Governor Bill Lee has signed a bill into law that will allow alcohol sales at Neyland Stadium and Thompson-Boling Arena.
It's a topic that's long been discussed, especially when it comes to big events and concerts.
Republican Senator Becky Duncan Massey of Knoxville introduced the bill in February that would allow alcohol at special events and concerts--but not games.
That's because of the SEC's strict no-alcohol policy.
While the law went into effect immediately, UT will still need to create a policy for sales of alcohol on campus.
Massey said she believes this will help Knoxville compete with other big cities to bring big names to town.
"Bottom line is, it's kind of a fairness issue," Massey said. "We can't compete for those big venues like Kenny Chesney and big names because they depend a whole lot on the sales of concessions and obviously the alcohol is a part of that."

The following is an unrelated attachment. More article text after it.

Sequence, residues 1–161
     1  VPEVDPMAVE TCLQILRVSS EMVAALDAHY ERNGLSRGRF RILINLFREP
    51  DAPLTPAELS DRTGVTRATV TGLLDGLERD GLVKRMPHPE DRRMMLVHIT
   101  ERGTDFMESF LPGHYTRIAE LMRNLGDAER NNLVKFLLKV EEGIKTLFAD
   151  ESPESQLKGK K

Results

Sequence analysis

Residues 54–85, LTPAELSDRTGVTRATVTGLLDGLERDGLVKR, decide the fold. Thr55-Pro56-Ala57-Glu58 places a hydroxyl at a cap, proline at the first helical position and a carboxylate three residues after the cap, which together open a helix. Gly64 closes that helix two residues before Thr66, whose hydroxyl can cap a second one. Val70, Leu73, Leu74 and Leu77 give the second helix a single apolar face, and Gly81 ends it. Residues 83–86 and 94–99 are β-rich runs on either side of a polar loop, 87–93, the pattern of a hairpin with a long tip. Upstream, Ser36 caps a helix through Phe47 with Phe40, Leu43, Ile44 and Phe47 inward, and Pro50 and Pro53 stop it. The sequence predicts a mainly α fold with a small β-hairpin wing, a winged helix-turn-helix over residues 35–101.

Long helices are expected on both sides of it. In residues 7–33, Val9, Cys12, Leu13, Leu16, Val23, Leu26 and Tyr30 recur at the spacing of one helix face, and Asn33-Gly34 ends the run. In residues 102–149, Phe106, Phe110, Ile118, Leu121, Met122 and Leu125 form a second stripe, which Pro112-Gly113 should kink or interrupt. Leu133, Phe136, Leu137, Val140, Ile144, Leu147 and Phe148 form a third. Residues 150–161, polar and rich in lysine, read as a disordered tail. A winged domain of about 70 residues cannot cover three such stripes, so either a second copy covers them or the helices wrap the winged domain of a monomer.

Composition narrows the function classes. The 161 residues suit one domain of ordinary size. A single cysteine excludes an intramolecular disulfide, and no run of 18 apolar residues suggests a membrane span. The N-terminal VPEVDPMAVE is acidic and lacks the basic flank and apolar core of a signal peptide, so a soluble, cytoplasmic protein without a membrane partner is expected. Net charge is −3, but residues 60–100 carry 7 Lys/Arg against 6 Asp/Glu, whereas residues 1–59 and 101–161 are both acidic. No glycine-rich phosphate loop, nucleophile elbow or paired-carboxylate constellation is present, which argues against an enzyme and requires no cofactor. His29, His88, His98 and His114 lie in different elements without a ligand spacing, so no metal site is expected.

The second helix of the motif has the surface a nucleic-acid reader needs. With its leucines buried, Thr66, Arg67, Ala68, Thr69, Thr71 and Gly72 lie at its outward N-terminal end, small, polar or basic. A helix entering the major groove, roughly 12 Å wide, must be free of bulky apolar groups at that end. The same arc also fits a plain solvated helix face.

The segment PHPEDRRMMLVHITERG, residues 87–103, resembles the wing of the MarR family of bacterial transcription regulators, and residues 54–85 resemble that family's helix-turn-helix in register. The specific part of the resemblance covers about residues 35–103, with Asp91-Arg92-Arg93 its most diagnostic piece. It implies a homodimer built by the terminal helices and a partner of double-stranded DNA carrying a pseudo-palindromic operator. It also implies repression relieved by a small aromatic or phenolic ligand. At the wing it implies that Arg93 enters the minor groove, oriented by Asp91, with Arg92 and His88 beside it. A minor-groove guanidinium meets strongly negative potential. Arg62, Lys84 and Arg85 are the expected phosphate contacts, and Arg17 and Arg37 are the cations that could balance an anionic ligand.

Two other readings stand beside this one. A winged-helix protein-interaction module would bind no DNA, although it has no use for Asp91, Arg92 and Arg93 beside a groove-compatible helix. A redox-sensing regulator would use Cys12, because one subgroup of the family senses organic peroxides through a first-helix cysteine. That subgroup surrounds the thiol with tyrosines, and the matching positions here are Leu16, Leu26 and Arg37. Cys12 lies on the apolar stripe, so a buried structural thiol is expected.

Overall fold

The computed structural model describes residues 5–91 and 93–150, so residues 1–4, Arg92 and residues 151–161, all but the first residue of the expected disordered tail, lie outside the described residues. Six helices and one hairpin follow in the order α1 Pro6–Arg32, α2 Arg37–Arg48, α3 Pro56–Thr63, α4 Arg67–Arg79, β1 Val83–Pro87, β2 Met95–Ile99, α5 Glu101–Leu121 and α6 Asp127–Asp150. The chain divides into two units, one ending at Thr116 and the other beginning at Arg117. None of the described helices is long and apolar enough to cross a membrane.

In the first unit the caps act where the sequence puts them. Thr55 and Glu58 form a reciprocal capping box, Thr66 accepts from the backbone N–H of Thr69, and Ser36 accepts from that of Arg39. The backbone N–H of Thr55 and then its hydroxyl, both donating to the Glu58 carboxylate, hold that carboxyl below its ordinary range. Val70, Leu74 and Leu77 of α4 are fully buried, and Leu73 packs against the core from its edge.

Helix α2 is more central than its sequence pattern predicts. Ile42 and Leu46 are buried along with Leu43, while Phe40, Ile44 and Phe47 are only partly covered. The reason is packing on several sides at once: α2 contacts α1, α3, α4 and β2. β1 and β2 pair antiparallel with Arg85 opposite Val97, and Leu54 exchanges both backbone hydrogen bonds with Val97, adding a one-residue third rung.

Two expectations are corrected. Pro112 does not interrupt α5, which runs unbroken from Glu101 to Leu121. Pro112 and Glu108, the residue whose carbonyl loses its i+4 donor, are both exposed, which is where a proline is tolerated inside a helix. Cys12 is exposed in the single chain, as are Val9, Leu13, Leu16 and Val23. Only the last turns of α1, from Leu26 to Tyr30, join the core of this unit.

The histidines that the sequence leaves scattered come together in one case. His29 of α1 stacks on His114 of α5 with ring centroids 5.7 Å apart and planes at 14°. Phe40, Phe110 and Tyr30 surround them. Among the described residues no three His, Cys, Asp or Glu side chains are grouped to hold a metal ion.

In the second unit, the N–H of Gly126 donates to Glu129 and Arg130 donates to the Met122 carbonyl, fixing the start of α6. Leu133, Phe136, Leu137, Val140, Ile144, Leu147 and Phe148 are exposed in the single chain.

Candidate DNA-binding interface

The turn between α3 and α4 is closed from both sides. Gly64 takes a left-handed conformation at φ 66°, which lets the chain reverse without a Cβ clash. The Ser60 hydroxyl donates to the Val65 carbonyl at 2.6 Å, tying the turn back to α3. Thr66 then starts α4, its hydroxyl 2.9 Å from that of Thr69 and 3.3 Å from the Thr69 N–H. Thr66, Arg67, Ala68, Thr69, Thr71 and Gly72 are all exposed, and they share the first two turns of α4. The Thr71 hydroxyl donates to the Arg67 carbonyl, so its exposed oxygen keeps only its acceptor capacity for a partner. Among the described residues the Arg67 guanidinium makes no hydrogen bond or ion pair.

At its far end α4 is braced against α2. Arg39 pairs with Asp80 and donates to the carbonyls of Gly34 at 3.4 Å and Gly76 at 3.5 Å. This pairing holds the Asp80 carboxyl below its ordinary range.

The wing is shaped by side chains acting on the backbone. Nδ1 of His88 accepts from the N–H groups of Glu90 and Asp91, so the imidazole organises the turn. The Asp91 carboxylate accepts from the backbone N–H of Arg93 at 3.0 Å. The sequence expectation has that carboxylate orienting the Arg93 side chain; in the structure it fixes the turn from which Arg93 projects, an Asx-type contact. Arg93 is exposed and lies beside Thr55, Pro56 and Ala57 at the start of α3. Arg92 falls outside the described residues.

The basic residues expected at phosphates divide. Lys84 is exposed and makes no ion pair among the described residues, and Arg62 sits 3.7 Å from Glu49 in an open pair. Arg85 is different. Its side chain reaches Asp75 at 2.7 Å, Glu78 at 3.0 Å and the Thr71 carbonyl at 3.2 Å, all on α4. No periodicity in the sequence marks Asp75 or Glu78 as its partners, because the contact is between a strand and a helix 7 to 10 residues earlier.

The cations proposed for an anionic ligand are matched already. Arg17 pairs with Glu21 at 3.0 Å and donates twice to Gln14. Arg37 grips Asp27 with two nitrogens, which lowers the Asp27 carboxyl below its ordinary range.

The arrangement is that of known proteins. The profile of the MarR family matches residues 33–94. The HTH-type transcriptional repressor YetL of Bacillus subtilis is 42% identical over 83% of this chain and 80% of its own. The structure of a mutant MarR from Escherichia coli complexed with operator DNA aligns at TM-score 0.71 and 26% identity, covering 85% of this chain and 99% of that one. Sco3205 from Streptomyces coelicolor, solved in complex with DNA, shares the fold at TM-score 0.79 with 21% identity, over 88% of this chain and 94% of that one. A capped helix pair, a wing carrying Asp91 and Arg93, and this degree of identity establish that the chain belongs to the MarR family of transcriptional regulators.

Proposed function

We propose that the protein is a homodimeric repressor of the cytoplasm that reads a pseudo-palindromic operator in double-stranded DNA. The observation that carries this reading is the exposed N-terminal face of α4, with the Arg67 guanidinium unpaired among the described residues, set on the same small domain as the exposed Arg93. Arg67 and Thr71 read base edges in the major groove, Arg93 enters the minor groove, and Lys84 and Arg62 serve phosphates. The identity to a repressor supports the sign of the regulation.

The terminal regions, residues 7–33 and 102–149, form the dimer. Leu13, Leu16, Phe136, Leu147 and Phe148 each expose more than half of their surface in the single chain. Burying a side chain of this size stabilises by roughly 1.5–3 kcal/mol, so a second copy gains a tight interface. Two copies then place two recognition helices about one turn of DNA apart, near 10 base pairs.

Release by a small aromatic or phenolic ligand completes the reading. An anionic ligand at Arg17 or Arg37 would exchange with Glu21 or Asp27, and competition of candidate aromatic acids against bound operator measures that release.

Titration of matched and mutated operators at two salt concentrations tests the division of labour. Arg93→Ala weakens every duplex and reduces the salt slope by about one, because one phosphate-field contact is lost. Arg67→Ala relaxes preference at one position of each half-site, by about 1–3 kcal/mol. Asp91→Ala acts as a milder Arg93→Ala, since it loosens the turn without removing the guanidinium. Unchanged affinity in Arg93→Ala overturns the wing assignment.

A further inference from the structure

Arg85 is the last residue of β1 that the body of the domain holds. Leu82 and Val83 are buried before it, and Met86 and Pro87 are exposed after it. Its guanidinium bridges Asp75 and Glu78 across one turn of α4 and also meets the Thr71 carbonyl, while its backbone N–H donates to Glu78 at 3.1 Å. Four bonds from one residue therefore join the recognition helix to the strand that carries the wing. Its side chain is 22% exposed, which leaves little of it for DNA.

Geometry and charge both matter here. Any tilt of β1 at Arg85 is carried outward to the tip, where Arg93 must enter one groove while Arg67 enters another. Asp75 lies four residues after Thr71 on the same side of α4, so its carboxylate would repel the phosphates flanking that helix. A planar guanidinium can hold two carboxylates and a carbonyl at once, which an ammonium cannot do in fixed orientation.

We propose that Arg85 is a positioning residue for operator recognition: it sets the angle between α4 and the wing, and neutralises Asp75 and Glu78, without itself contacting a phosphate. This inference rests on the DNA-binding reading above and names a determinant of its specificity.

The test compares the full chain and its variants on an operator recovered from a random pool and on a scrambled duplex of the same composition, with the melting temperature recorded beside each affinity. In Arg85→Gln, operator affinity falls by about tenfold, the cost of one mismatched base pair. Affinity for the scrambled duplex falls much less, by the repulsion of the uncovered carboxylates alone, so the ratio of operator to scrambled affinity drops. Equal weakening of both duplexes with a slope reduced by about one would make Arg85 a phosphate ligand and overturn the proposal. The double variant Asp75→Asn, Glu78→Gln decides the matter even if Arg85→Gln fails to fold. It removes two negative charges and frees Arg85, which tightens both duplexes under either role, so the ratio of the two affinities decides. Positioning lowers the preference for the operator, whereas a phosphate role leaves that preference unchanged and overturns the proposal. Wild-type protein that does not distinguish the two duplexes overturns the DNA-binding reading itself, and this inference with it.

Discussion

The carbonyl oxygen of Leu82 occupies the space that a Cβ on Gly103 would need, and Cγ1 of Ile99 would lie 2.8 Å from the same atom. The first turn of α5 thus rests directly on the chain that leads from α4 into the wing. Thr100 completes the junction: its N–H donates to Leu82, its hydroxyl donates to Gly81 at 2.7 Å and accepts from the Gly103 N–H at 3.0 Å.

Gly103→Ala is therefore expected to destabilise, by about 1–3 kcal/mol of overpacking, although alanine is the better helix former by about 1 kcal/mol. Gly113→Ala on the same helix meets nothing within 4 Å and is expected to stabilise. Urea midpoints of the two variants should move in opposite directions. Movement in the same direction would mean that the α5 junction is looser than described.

Massey said alcohol sales could help boost tourism and economic drive in the area.
Event groups that book concerts like AC Entertainment say they agree that alcohol could help raise Knoxville's profile.
"There are a number of artists that don't want to play arenas or venues that don't serve alcohol," Ted Heinig of AC Entertainment said. "So that would put Thompson-Boling back on a level playing ground with other arenas in the region."
Heinig said alcohol sales at venues is often safer, as people aren't sneaking in drinks or drinking excessively before an event.
The University says Knoxville is the only one of the four major Tennessee cities that wasn't able to allow alcohol sales at its major venue.
It says there will still need to be a lot of consideration as to how, where and when the university will sell alcohol in those areas now that the decision has been reached.